During the spring 2014 semester I taught the course African Women in Art and Cinema at Denison University. During the past two weeks of Blog posts, I shared my experiences in teaching the course: my desire for creating the course, its objectives, methodology, the course readings, the course exercises, and selected student reflections, which were published with their permission. In addition to the readings and visual materials, the wide range of exercises offered a dynamic, interactive exchange between the students and me, and among the students themselves—notably the panel forum that entailed the preparation and discussion of an assigned group topic. The final exercise encompassed a simulated event/environment showcasing African women cultural producers based on an assigned theme—an exciting culmination of the semester!
What I learned above all from the experiences of teaching this course was the incontestable fact that with available, accessible and organised materials and resources, a course such as this, perhaps seemingly obscure to some, may be taught, not just as a session or two within a course, or as a week-long seminar, but as a semester course. What still remains an obstacle, nonetheless, is the availability of films, which is the case in African cinema studies in general due to the restraints of distribution. And perhaps the most frustrating, the fact that resources—for various reasons— are not always accessible directly from the continent. Nonetheless, as I have attempted to frame the course using a non-deficit approach in order to show the empowering and positive visual representations, voices and discourse, I remain within that spirit—Beti Ellerson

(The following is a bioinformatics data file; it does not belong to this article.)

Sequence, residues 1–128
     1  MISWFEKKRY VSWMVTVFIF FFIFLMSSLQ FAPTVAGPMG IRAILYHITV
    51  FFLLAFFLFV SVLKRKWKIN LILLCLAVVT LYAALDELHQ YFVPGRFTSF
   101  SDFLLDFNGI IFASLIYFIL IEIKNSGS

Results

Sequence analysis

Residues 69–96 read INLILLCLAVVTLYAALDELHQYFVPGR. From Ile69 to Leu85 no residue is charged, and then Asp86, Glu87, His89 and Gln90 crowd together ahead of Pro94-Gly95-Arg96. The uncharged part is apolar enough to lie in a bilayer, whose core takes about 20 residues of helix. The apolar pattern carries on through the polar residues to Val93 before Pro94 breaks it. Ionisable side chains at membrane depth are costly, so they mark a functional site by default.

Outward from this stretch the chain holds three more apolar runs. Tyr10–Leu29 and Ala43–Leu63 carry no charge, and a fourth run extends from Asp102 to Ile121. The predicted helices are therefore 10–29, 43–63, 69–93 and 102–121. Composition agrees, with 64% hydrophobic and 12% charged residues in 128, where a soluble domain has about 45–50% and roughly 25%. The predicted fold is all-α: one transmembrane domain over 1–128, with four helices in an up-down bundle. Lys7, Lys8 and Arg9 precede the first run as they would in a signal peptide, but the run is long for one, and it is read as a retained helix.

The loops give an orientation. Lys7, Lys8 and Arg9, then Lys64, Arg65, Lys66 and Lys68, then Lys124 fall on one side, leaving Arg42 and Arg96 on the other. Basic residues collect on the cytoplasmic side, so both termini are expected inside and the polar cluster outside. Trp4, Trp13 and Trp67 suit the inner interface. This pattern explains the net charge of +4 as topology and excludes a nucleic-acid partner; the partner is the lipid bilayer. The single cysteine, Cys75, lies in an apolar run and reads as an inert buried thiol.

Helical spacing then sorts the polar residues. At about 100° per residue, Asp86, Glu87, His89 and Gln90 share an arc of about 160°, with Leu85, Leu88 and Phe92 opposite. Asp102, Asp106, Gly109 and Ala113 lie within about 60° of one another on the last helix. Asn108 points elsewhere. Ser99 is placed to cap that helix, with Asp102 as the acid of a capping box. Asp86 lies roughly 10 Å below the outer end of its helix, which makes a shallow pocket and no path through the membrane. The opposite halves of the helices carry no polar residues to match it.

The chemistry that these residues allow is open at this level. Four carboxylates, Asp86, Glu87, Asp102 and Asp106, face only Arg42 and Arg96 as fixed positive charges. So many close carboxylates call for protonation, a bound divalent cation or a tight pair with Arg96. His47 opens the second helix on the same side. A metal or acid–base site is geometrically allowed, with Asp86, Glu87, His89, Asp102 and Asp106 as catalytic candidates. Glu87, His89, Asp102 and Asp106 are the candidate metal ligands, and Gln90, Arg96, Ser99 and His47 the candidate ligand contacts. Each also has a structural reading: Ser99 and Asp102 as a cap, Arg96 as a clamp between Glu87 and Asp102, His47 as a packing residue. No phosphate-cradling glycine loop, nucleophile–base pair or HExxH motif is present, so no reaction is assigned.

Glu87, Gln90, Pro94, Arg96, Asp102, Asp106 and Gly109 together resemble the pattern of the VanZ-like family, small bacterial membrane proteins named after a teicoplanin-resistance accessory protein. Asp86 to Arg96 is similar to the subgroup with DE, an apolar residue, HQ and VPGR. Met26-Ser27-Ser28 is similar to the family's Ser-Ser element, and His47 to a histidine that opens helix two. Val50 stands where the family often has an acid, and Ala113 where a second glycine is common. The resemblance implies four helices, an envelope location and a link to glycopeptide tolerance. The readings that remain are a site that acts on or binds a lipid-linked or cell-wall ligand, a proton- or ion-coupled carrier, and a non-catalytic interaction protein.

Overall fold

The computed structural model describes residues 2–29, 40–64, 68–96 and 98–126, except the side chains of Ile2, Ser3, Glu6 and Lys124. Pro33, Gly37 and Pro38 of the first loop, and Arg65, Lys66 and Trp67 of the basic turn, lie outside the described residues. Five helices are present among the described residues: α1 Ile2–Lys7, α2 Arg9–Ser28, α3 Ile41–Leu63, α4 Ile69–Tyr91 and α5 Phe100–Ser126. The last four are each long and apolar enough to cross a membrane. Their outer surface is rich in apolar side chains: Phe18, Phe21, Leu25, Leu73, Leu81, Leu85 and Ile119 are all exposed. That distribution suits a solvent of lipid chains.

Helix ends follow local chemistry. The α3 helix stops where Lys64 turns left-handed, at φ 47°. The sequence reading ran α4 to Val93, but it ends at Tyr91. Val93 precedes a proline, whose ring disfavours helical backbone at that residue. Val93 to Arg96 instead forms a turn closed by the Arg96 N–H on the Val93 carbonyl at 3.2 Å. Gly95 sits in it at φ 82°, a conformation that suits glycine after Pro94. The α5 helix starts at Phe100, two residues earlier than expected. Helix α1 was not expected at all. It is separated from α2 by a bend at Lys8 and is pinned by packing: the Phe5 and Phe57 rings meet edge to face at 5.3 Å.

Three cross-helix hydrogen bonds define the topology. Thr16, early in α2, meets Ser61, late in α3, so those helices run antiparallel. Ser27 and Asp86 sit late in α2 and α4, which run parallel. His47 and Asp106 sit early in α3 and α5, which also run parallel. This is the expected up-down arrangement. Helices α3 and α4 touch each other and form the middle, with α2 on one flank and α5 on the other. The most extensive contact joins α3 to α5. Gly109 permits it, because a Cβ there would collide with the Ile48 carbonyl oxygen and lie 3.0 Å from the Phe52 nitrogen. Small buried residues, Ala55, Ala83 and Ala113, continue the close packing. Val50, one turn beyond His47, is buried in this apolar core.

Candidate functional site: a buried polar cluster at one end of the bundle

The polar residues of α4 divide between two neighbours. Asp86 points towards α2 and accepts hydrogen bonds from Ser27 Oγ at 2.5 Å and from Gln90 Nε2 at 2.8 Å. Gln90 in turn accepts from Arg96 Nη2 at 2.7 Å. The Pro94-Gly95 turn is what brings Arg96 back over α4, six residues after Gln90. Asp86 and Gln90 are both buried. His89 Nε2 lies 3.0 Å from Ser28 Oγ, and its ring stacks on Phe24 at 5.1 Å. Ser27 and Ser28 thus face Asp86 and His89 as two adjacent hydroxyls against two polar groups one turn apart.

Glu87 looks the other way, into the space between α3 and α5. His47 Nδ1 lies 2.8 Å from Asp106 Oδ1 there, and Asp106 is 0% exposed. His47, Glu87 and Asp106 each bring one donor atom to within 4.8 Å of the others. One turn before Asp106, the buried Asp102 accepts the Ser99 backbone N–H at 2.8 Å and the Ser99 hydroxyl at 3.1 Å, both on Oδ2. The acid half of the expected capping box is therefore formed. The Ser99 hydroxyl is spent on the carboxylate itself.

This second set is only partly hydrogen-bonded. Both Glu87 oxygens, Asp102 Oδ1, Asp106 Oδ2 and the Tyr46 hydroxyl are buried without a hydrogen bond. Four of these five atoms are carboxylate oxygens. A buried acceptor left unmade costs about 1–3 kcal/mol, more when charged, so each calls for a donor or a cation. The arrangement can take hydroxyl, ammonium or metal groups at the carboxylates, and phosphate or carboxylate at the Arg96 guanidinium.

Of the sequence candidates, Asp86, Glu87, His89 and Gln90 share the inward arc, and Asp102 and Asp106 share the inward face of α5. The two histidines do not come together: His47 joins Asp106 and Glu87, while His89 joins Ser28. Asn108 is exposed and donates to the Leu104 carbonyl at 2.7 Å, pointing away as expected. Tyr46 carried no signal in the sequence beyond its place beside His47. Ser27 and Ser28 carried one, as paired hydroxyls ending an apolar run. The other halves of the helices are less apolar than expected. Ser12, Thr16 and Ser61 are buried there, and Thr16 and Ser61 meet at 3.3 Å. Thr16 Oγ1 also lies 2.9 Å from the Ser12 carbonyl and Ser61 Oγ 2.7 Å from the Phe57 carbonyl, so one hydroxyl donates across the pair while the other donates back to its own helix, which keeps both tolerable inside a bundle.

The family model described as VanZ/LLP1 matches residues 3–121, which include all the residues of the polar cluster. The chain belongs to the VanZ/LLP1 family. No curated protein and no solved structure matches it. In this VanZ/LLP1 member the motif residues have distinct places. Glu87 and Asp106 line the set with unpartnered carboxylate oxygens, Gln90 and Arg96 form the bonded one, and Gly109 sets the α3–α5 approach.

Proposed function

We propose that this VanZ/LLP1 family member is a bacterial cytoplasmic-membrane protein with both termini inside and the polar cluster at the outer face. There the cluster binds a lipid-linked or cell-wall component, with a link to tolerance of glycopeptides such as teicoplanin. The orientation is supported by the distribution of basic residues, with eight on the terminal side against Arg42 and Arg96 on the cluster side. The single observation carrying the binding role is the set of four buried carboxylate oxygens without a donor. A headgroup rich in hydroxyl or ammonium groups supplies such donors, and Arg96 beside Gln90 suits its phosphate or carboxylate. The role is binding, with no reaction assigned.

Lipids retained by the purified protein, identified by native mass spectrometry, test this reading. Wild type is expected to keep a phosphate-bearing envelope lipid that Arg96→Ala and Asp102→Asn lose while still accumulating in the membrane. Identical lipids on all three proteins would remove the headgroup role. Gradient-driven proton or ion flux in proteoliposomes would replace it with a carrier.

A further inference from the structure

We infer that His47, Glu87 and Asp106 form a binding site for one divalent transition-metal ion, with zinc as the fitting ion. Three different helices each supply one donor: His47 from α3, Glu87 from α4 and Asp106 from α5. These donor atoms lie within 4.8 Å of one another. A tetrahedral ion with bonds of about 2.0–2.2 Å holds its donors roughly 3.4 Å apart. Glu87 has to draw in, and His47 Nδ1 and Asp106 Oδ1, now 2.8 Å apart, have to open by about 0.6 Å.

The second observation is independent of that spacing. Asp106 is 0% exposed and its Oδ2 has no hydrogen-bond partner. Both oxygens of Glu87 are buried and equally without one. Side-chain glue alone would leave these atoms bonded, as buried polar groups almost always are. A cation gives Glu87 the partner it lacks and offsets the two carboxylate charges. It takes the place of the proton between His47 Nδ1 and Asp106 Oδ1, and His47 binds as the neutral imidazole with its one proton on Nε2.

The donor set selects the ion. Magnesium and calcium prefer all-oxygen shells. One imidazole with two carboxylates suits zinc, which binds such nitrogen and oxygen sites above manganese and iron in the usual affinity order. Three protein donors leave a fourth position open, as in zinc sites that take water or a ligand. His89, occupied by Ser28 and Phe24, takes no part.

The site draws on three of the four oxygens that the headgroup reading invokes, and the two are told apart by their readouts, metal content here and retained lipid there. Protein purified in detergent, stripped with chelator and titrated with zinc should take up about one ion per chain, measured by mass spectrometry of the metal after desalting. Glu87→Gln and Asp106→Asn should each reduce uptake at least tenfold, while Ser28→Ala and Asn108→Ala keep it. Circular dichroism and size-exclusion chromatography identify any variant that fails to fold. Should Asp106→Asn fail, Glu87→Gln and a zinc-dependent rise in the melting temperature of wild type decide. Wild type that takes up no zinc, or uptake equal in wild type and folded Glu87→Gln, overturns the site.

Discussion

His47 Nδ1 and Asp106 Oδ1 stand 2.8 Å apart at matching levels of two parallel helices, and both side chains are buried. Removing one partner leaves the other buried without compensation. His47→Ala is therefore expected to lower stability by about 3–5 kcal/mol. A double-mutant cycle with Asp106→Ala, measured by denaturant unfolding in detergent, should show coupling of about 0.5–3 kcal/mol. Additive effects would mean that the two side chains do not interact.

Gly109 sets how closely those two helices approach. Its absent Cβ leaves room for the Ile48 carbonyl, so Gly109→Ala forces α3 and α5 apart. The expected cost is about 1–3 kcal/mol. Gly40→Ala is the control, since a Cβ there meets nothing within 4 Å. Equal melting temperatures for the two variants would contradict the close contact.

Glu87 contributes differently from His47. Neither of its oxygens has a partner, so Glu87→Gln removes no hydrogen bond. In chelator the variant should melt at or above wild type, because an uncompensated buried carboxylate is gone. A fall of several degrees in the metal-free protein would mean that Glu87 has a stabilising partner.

In the Part 1 Blog post, I present the course description. Part 2 elaborates the course structure, outline and themes. Part 3 focuses on introductory sources that frame theoretical and critical practices of interpretation and contextualise women artists’ multiple experiences. Part 4 investigates the themes “women’s voices” and “women’s stories” and the ways in which they are contextualised and problematized. Part 5 explores the plurality of women’s experiences based on assigned artists/filmmakers for which students did research and prepared a visual oral presentation. Part 6 examines issues around voice and representation drawing from the story of Saartjie Baartman—the woman, and the Venus Hottentot—the name given to her as spectacle. Part 7 focuses on the theme: interrogating identities, bodies, sexualities, femininities. Part 8 examines themes around intergenerational, transnational, global diaspora: Under the theme, intergenerational perspectives, the class follows the evolution, tendencies and trends, from the pioneering women to the present generation. The themes globality, transnational, diaspora are problematized around the question of the positionality of the gaze. Part 9 is framed around the question “is there a gendered sensibility? If so, what does a woman’s sensibility look like?”